Aim Environmental niche models that utilize presence-only data have been increasingly employed to model species distributions and test ecological and evolutionary predictions. The ideal method for evaluating the accuracy of a niche model is to train a model with one dataset and then test model predictions against an independent dataset. However, a truly independent dataset is often not available, and instead random subsets of the total data are used for ‘training’ and ‘testing’ purposes. The goal of this study was to determine how spatially autocorrelated sampling affects measures of niche model accuracy when using subsets of a larger dataset for accuracy evaluation.
Location The distribution of Centaurea maculosa (spotted knapweed; Asteraceae) was modelled in six states in the western United States: California, Oregon, Washington, Idaho, Wyoming and Montana.
Methods Two types of niche modelling algorithms – the genetic algorithm for rule-set prediction (GARP) and maximum entropy modelling (as implemented with Maxent) – were used to model the potential distribution of C. maculosa across the region. The effect of spatially autocorrelated sampling was examined by applying a spatial filter to the presence-only data (to reduce autocorrelation) and then comparing predictions made using the spatial filter with those using a random subset of the data, equal in sample size to the filtered data.
Results The accuracy of predictions from both algorithms was sensitive to the spatial autocorrelation of sampling effort in the occurrence data. Spatial filtering led to lower values of the area under the receiver operating characteristic curve plot but higher similarity statistic (I) values when compared with predictions from models built with random subsets of the total data, meaning that spatial autocorrelation of sampling effort between training and test data led to inflated measures of accuracy.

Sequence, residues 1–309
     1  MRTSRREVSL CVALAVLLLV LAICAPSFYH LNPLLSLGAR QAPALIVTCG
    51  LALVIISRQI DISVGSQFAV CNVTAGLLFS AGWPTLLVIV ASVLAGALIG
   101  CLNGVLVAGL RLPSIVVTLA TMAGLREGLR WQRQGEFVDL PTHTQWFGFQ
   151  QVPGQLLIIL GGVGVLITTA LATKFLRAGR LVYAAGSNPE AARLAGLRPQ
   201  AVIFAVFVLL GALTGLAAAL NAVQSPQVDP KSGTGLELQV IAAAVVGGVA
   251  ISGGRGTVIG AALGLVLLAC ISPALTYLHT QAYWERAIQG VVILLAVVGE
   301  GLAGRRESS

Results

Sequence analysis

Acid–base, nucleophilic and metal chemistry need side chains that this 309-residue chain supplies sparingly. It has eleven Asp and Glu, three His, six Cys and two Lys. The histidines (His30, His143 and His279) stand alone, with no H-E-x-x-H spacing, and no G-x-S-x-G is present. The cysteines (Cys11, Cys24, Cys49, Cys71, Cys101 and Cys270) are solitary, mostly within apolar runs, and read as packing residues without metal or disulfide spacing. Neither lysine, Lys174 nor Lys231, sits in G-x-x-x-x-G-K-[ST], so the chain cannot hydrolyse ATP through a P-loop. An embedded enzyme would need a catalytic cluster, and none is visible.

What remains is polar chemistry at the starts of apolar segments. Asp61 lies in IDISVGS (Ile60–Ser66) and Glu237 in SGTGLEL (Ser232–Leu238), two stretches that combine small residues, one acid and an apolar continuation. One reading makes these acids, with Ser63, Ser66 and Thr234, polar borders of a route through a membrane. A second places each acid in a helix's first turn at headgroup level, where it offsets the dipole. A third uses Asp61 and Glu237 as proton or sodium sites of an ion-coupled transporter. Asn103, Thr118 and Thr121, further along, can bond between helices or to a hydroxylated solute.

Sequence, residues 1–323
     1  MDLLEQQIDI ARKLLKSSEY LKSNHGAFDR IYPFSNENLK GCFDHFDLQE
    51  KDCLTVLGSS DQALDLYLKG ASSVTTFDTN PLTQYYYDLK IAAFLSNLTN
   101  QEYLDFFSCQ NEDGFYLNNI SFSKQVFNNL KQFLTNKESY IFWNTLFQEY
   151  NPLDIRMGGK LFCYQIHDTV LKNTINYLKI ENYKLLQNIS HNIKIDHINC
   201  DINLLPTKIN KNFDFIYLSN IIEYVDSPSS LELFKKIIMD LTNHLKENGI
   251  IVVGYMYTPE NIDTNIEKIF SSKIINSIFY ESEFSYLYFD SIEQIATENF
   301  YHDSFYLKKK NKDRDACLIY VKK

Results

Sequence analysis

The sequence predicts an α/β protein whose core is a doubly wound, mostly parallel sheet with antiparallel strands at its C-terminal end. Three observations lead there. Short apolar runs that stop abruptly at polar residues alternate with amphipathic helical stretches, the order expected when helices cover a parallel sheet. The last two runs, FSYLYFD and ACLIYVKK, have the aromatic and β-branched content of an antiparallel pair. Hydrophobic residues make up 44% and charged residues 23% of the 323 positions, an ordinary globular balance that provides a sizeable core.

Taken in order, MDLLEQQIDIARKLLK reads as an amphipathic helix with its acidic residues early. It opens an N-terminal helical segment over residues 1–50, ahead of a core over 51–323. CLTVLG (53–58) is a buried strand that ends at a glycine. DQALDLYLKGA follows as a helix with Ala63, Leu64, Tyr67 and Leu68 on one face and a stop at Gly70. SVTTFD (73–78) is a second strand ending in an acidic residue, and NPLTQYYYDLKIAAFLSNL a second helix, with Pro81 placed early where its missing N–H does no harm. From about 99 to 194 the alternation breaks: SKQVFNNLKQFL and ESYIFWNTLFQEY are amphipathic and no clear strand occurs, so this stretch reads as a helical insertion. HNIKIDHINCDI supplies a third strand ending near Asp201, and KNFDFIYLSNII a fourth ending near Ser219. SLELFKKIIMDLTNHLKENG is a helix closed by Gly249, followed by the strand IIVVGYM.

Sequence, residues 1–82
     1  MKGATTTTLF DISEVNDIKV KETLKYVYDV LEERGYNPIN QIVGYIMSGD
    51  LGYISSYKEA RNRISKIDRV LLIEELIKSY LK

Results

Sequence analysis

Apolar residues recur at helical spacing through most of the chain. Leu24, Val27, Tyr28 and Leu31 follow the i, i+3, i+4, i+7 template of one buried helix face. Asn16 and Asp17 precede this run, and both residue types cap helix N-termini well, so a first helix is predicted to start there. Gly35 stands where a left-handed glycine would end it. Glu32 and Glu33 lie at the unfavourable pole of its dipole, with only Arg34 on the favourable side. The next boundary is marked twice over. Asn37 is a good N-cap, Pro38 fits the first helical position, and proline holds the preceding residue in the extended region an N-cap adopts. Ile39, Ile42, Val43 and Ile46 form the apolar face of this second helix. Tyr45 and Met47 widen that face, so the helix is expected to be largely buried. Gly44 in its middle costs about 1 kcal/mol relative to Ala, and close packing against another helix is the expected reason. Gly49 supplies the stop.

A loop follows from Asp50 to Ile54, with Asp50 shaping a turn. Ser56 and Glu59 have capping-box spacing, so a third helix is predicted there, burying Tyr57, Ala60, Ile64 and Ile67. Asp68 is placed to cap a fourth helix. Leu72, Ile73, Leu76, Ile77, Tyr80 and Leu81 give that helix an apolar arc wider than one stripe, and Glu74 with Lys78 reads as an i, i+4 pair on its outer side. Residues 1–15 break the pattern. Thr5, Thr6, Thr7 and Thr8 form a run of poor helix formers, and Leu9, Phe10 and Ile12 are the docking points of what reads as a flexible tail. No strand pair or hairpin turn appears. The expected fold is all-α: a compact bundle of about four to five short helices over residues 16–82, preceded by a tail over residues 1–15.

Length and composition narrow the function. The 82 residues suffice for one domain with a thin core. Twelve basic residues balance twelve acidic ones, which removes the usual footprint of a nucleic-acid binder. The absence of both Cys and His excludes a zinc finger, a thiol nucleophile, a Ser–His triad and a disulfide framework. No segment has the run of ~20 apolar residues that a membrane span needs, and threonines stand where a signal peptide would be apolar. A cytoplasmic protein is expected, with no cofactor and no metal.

Main conclusions The findings indicate that care should be taken when interpreting the results from presence-only niche models when training and test data have been randomly partitioned but occurrence data were non-randomly sampled (in a spatially autocorrelated manner). The higher accuracies obtained without the spatial filter are a result of spatial autocorrelation of sampling effort between training and test data inflating measures of prediction accuracy. If independently surveyed data for testing predictions are unavailable, then it may be necessary to explicitly account for the spatial autocorrelation of sampling effort between randomly partitioned training and test subsets when evaluating niche model predictions.